Good, but not quite great, the TCL RayNeo Air 2 smart glasses make a good case for a future where everyone has TV screens packed into their spectacles. A few issues prevent a hearty recommendation, but they remain a fun novelty, and perhaps even a preferred viewing experience in certain situations.
High-quality 120Hz screen
Works well with prescription glasses
Edges of the screen can be obscured
Fabric case isn’t much protection
Limited AR use for Apple fans
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Whether they’re strapped to your head, or placed inside spectacle frames, the future of screens sees them placed in front of your eyes, and worn. Apple showed its hand with Vision Pro, Zuckerberg persists with the Meta Quest VR line-up, and a small offshoot of ‘smart glasses’ manufacturers are looking to merge traditional glasses with miniature displays.
One such company is TCL, with its RayNeo Air 2 smart glasses — a successor of sorts to the RayNeo X2, despite there being no RayNeo Air ‘1’ to speak of. That said, despite some undeniable, unignorable issues, these do feel like a second-generation device in the nascent category— great screens in a recognizable glasses-like frame, let down by some visibility issues. There’s lots here to like, even if a hearty recommendation is difficult to offer. But TCL is definitely on to something here…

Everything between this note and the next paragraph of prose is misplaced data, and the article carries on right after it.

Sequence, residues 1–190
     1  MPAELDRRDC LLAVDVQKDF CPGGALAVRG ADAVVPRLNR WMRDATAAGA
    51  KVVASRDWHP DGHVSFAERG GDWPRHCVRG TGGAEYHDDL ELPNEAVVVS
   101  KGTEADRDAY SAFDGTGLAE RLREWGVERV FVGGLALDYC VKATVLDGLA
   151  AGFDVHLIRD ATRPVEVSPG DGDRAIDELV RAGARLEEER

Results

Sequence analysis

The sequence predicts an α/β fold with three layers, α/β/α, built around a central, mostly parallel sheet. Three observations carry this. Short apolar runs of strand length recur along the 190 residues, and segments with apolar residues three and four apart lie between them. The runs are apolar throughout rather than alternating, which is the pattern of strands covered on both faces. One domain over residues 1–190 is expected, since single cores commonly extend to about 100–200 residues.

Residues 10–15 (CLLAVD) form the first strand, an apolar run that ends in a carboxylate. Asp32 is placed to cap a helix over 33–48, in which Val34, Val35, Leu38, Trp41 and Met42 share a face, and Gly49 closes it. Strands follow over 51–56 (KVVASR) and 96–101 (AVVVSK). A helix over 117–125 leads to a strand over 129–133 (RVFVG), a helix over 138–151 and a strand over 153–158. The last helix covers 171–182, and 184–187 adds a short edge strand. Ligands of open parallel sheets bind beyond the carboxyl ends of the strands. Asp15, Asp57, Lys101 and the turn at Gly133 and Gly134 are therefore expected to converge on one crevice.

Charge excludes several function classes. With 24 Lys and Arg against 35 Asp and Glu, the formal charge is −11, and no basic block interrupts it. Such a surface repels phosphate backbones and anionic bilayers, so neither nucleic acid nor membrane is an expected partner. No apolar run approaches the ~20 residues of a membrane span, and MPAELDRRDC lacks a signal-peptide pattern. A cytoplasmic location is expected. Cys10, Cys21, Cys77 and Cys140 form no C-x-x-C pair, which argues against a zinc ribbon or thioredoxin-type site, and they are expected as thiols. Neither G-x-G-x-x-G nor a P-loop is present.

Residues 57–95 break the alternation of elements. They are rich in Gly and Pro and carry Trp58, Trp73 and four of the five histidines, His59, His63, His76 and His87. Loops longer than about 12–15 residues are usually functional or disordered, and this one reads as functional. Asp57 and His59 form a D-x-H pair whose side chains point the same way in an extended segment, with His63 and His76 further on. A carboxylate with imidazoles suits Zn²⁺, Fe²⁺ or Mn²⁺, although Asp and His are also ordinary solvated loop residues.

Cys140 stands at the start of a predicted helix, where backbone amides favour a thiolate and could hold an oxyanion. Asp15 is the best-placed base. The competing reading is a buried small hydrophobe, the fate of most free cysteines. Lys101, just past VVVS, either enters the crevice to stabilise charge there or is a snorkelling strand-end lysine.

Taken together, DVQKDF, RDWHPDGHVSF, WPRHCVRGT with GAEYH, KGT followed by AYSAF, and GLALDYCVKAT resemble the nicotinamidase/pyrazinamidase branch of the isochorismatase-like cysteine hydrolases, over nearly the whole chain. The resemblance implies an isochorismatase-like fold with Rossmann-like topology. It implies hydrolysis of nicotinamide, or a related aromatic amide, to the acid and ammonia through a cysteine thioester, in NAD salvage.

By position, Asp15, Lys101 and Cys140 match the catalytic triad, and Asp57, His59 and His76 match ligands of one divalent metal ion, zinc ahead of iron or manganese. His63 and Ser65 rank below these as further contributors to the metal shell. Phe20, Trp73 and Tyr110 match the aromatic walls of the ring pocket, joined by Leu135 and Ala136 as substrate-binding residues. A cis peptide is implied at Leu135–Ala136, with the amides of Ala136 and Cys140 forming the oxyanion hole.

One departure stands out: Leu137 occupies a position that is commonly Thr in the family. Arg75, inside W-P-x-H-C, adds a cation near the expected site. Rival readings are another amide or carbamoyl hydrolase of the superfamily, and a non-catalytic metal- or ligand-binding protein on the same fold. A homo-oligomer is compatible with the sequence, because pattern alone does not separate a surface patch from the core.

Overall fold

TCL RayNeo Air 2: Price and availability
The TCL RayNeo Air 2 glasses are priced at $379, with an introductory price of $299 while stocks last. They’re available now and can be picked up from Amazon.
The tech squeezed inside these small frames justifies that price, just about. But in use, there are a few drawbacks that would make me uncertain about recommending them wholeheartedly.
TCL RayNeo Air 2: What I Liked
The RayNeo Air 2 smart glasses put what feels like a massive screen right in front of your eyes, using some clever Sony MicroOLED tech packed inside tiny screens at the front of the spectacle frames.
Weighing just 76g, a quick glance makes them appear like a standard pair of black wayfarer-style sunglasses. But closer inspection reveals the tech inside — those traditional tinted glass frames are merely a backdrop for the tiny OLED displays that offer 1080p resolution across your eyes. The placement, so close to your eyes, gives the impression of a screen larger than 200 inches floating in front of you. Compared to traditional glasses, they sit just a little further off the bridge of your nose, which can’t help but make you look a bit dorky.
But, somewhat surprisingly, the quality is very good! With 600 nits of max brightness, 46-degree field of view, and offering 60Hz or 120Hz refresh rates, for the most part, legibility is clear, and the virtual display is sharp and vibrantly colored. The transparent nature of the lenses and the way the screen is projected seemingly in front of them allows you to keep an eye on your surroundings, with your peripheral vision intact. In a brightly lit room, particularly when viewing content with dark scenes, this can lead to being able to see the real world through the virtual display — handy in some situations, annoying in others. But with bright content, even a well-lit room doesn’t cause much trouble — and in a dark room it’s almost like having your own personal IMAX in front of you (with some important caveats we’ll discuss later).